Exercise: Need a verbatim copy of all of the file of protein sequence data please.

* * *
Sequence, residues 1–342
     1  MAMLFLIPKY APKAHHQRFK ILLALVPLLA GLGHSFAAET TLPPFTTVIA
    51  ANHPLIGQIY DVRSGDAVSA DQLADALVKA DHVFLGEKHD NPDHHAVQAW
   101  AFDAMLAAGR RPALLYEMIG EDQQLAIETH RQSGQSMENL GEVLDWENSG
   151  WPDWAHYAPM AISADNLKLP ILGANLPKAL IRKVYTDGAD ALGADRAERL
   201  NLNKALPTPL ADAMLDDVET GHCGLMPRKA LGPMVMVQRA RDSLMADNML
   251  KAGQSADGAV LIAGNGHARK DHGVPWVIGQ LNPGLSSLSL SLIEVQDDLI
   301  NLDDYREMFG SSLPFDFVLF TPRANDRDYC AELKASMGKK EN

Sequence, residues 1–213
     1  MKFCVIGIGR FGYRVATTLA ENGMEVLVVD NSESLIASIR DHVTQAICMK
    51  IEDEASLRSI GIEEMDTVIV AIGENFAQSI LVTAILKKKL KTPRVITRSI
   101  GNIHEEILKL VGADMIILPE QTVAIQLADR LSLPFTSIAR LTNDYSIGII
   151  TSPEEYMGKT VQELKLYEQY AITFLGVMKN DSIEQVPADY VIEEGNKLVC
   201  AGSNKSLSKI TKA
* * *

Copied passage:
Sequence, residues 1–342
     1  MAMLFLIPKY APKAHHQRFK ILLALVPLLA GLGHSFAAET TLPPFTTVIA
    51  ANHPLIGQIY DVRSGDAVSA DQLADALVKA DHVFLGEKHD NPDHHAVQAW
   101  AFDAMLAAGR RPALLYEMIG EDQQLAIETH RQSGQSMENL GEVLDWENSG
   151  WPDWAHYAPM AISADNLKLP ILGANLPKAL IRKVYTDGAD ALGADRAERL
   201  NLNKALPTPL ADAMLDDVET GHCGLMPRKA LGPMVMVQRA RDSLMADNML
   251  KAGQSADGAV LIAGNGHARK DHGVPWVIGQ LNPGLSSLSL SLIEVQDDLI
   301  NLDDYREMFG SSLPFDFVLF TPRANDRDYC AELKASMGKK EN

Sequence, residues 1–213
     1  MKFCVIGIGR FGYRVATTLA ENGMEVLVVD NSESLIASIR DHVTQAICMK
    51  IEDEASLRSI GIEEMDTVIV AIGENFAQSI LVTAILKKKL KTPRVITRSI
   101  GNIHEEILKL VGADMIILPE QTVAIQLADR LSLPFTSIAR LTNDYSIGII
   151  TSPEEYMGKT VQELKLYEQY AITFLGVMKN DSIEQVPADY VIEEGNKLVC
   201  AGSNKSLSKI TKA